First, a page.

When i look at this week's tornado, i think to myself: If i lived in tornado alley and was hit in 1999, or the 2011 Joplin one i would do all i can to build a strong home. One can rebuild a home, but, one cannot get your family back.

The people of Oklahoma have such an amazing fighting spirit, and they should. But, i cannot agree with people saying "we just gonna rebuild" and again the homes they rebuild are weak. The schools, no matter if they were there before 1999, should all be the same standard as those built after 1999. Crap excuse on the law that schools that were built before 1999 needn't have storm shelters! I can't remember the man's name they interviewed on tv who said that, but i turned red with anger for the first time in months while listening to that interview.

I am not American, but i am angry with what happened, and the lives that were lost. Sad and furious.

IMO the US government should bloody look after their people. Give those who live in high risk areas strong strong STRONG homes. Even if the risk of the house being severely damaged in an EF3/4/5, the chance for survival will be much greater, especially with safe rooms in side, or bunkers outside.


edit on 09/02/2012 by KaelemJames because: spelling



posted on May, 23 2013 @ 11:14 AM
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Originally posted by rickymouse
Bowl on bottom, dome on top. Better install a chain and anchor so it doesn't roll away when it pops out of the ground.
Remember sinkholes, the quickening of the earth will make a heavy house sink, shaking of the earth will make it lift. I'd suggest making a Pyramid.
True. However there are no limits to natural calamities
While you're at it, what if the earth is hit by a huge asteroid?
There are no limits or boundaries to the kind of protection we seek. The goal is to minimize the damage from the known calamities for now.......until



posted on May, 23 2013 @ 11:15 AM
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reply to post by KaelemJames
 
I agree and basically the housing codes and engineering designs need to change in the tornado alleys of US.



posted on May, 23 2013 @ 11:19 AM
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If building from scratch, I'd recommend making an underground residence. Like another mentioned, using shipping containers could save a bundle in such construction, cheaper than all that concrete anyhow. Plus, it would drastically reduce your construction time, which is really your biggest cost factor (labor). If an earthquake is actually likely in the area, you could even build it on the kinds of spring supports used by large buildings.

Plus, the best advantage of all, from the surface, it'd be pretty easy to hide you are even there. You could easily hide entrances/exits, and vents.

Since going from nothing, might as well integrate solar and geothermal power, etc., but realistically, you are really going to have to look at the costs of different ideas to see what is in your budget for this (with an eye that the more unconventional you go, the more difficult it will be to permit, estimate costs, etc.).



posted on May, 23 2013 @ 11:22 AM
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reply to post by hp1229
 



I agree and basically the housing codes and engineering designs need to change in the tornado alleys of US.


Basically, if you are in the teeny tiny red areas of tornado activity, a concrete, subterranean storm shelter should be a MANDATORY feature of your home. Survivability in one of these is nearly 100% even if an F5 tornado. Doesn't have to be big, just large enough to sit all of you with some small amount of supplies while it passes.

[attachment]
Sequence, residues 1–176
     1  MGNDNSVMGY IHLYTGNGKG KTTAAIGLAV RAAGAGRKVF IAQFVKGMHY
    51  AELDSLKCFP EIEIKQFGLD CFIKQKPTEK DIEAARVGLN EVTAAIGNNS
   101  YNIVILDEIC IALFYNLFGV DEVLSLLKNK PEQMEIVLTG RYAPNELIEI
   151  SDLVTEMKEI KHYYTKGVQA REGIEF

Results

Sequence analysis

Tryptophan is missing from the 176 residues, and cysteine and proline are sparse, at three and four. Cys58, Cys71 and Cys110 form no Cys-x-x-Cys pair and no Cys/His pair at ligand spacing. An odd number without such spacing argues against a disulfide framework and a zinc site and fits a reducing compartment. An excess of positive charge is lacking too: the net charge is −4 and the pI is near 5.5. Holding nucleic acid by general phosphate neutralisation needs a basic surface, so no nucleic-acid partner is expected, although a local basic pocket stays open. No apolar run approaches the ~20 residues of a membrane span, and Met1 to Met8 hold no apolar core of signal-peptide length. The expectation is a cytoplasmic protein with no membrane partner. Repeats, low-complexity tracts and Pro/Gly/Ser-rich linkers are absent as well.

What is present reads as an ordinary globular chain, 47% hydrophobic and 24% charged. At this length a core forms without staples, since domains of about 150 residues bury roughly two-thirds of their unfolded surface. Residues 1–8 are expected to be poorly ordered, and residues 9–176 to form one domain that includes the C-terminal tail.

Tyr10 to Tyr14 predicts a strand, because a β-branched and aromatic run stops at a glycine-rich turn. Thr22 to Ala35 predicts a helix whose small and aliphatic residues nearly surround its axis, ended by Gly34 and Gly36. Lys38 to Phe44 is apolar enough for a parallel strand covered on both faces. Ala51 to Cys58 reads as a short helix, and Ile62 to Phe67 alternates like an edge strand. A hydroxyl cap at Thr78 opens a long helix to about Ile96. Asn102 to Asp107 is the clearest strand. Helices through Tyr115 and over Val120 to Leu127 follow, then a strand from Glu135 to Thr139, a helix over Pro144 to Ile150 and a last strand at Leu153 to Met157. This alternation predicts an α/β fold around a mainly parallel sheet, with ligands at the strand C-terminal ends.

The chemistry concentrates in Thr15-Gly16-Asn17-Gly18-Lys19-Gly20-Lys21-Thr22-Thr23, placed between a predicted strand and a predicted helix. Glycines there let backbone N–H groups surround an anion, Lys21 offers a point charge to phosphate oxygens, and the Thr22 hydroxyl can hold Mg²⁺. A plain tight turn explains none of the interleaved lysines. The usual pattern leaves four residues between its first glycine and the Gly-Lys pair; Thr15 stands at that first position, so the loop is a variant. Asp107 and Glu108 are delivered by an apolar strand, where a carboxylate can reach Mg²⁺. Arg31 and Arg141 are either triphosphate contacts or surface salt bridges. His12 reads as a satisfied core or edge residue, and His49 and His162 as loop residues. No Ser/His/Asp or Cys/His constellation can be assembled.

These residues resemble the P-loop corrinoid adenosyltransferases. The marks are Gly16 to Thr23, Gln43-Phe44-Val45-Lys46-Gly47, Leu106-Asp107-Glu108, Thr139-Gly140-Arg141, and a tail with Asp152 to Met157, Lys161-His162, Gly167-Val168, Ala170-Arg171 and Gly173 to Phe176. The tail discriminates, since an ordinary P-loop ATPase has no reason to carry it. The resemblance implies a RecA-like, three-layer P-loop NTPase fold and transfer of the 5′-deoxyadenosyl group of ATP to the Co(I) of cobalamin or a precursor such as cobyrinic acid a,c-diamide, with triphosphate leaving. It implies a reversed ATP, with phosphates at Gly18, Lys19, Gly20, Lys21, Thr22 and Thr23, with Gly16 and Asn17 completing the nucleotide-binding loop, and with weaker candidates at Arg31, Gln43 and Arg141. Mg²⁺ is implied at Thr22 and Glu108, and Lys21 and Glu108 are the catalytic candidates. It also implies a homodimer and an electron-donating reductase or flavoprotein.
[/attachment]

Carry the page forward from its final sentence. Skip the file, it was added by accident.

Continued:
edit on 23-5-2013 by Gazrok because: (no reason given)



posted on May, 23 2013 @ 11:25 AM
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reply to post by KaelemJames
 


As much as most home builders would like to strong proof their homes, there are many obstacles. Often it is a neighborhood association, or state/county/city regulations. (They get worse the lower you go). Can't have that unsightly bunker in the middle of the block now, can we?

Then there is the financial side of things. Improving a pre-existing structure can be quite expensive and out of the individual’s means.

I remember while growing up, that ALL houses at a minimum had a storm cellar, even if it was just a hole in the ground with a reinforced door, many had basements. I'm not seeing them anymore when new homes are built nowadays.

That is why I will be moving to the countryside. And also why I want to do it right the first time. Heck, it might even bring my insurance rates down.



posted on May, 23 2013 @ 11:38 AM
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reply to post by TDawgRex
 


Do you live in Tornado Alley?

Oh man - the last two years we had quite a few touchdowns in South Africa EF3's, 40km from me. My dad and one sister lives in the area that was hit, but they were lucky they weren't in its path. In truth i cannot talk too much regarding "how to built" cause if an EF5 runs over my home it is "Bye-Bye"



posted on May, 23 2013 @ 11:50 AM
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reply to post by KaelemJames
 


My first memory is of a tornado at 4ish years of age. I watched it turn a barn down the valley from my Grandparents into matchsticks. Messed up the house as well but didn't total it. Thankfully, no one was hurt in the valley, though the destruction was pretty spread out. It was farmland, so everybody was lucky.

It was pretty cool I thought at the time. I was in awe and not scared the least. Of course. my family was in the cellar while I was in the attic watching. Since then, I've learned better. Boy did I get my ass beat for that stunt.



posted on May, 23 2013 @ 12:34 PM
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reply to post by TDawgRex
 


That's awesome! I would have done the same thing. I have always been interested in tornadoes.

I always wanted to go on a chasing tour, but since 2011 i have been less interested in that what i used to call beautiful destruction. I guess after becoming more spiritual i turned my back on what i thought was so awesome. This week's tornado basically nailed it for me.

Look, if i get the chance to see one i will definitely have a peek. 3 years ago i would have "chased" it
I am still interested, but I'd rather let people live than experiencing it first hand.

When are you leaving the alley?



posted on May, 23 2013 @ 12:39 PM
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Originally posted by KaelemJames
reply to post by TDawgRex
 


When are you leaving the alley?


Actually, I'm moving back.

But I'm in Ohio, so we still have our twisters as well, just not as bad....until you experiance them.